The paper "A Critical Role in Combustion Reactions" is a good example of an assignment on chemistry. T1. The term radiation refers to the energy that travels through space such as heat, sound, light, and ionizing radiation (Friedman 2006, p. 25). In combustion processes, the radiation of interest is thermal radiation. This form of radiation, like other electromagnetic radiation, does not require a medium to propagate. It can easily pass through a vacuum. It travels by means of electromagnetic waves forms, and can also be characterized by its wavelength, energy, and frequency.
It is also important to note that radiation energy from the source is emitted outwards in straight lines and travels in all directions. The radiating gases produced during complete combustion are compounds of elements derived from both the fuel and the oxidizer. For instance, a combustion reaction with methane as the fuel and oxygen as the oxidizer produces carbon dioxide and water vapor. Both carbon dioxide and water vapor are gaseous compounds derived from methane and oxygen. In another example involving hydrogen and oxygen, the resultant gas is water vapor. In most real-world cases of the combustion reaction, the oxidizing agent is oxygen from the ambient air, which means that the resultant gases include carbon dioxide, nitrogen, and water vapor.
Ambient air contains a high percentage of nitrogen gas. The truth is that combustion reactions are often not complete. In this case, radiating gases may not be the same as those produced in a complete combustion process. For instance, carbon-based fuels always produce carbon dioxide besides soot (or unburned carbon). In light of the above, radiation is important and plays a critical role in fire spread between neighboring buildings.
We have noted that radiation allows the transfer of heat energy from one place to another irrespective of whether there is a medium present. Therefore, radiation would cause temperatures to rise in adjacent buildings that were initially not affected by fire, and consequently, result in the ignition of available fuel or combustible materials. However, radiation becomes important when The requirements for space separation, is nonetheless, important and should be reasonable to reduce fire spread between adjacent buildings. It is known that the amount of radiant heat reduces as it moves further away from the source (Lin 2000, p. 496).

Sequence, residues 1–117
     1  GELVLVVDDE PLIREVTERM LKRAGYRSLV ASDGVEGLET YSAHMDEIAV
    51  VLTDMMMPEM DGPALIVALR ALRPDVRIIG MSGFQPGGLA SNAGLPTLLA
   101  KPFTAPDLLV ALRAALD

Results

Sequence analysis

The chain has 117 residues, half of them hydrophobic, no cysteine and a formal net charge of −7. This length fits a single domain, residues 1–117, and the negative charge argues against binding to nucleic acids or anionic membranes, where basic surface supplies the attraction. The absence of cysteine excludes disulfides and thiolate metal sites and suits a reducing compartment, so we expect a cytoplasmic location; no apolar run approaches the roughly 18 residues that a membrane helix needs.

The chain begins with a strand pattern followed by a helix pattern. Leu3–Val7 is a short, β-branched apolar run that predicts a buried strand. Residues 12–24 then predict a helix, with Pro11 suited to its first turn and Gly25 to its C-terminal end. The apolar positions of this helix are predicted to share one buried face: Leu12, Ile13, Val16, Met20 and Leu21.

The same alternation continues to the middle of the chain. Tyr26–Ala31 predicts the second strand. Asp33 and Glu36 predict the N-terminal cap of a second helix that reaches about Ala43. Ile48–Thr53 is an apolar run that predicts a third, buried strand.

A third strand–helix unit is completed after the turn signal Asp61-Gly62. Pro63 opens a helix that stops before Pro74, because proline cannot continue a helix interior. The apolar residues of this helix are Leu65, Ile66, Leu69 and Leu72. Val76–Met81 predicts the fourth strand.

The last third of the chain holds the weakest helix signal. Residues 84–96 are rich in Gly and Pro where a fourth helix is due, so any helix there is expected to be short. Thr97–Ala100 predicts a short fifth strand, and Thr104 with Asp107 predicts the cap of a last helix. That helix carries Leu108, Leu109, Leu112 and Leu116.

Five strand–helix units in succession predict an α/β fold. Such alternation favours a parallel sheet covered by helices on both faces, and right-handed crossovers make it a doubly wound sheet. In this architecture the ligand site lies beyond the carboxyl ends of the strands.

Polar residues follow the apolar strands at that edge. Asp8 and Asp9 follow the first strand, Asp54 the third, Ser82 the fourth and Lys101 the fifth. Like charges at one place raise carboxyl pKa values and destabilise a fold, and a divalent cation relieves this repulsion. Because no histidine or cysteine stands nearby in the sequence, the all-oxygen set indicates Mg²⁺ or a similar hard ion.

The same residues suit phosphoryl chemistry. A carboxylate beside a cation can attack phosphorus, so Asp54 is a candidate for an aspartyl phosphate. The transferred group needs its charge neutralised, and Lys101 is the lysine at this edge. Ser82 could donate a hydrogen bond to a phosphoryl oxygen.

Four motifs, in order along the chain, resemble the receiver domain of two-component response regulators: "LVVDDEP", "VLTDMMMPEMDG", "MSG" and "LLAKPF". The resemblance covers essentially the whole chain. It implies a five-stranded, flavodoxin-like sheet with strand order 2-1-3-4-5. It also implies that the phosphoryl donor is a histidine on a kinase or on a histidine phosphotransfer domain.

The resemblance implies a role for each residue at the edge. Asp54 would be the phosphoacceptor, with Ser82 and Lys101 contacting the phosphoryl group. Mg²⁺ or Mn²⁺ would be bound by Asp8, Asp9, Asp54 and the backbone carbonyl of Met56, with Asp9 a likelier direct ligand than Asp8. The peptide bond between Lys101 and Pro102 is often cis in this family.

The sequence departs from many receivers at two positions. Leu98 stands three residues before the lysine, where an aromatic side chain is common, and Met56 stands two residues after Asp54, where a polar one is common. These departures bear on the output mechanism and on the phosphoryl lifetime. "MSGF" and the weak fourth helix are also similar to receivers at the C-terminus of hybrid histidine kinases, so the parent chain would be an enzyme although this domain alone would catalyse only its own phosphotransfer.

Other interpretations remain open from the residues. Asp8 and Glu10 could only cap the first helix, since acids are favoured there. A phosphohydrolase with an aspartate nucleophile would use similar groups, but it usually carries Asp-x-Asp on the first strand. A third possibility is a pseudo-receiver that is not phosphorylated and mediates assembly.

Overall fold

This makes buildings that are spaced far apart from more secure in terms of fire spread than those that are closely spaced. The type of hazard also determines the spatial separation. Thus, it would be required that a building housing flammable fuel is spaced far away from other buildings because such fuel produces high temperatures to facilitate longer travel of radiation. In addition, space separation avoids fire spread through convection, which is considered the most dangerous form of fire spread. T2. Enclosure ventilation plays a critical role in combustion reactions.
Ventilation increases the amount of oxygen (the oxidizing agent) available for combustion. Thus, good ventilation allows sufficient oxygen needed to have a complete combustion reaction. In this condition, the resultant fire has little smoke and produces high temperatures. On the other hand, poorly ventilated enclosures mean there is little oxygen available for combustion. This results in incomplete combustion that usually produces low temperatures and a lot of smoke.
Franssen, JM, Zaharia, R & Kodur, V 2009, Designing Steel Structures for Fire Safety, CRC Press, Australia.
Friedman, D 2006, Surface Transportation Security: Volume 10, A Guide to Transportation's Role in Public Health Disasters. Transportation Research Board, United States.
Lin, C 2000, Study of exposure fire spread between buildings by radiation. Journal of the Chinese Institute of Engineers, Vo. 23. No. 4. pp. 493 - 504.
Patterson, TL 2006, Illustrated 2006 building code handbook. McGraw-Hill Professional, New York.
Smoke control, 13 March 2010,
Spengler, JD, Samet, JM & McCarthy, JF 2001, Indoor air quality handbook. McGraw-Hill Professional, New York.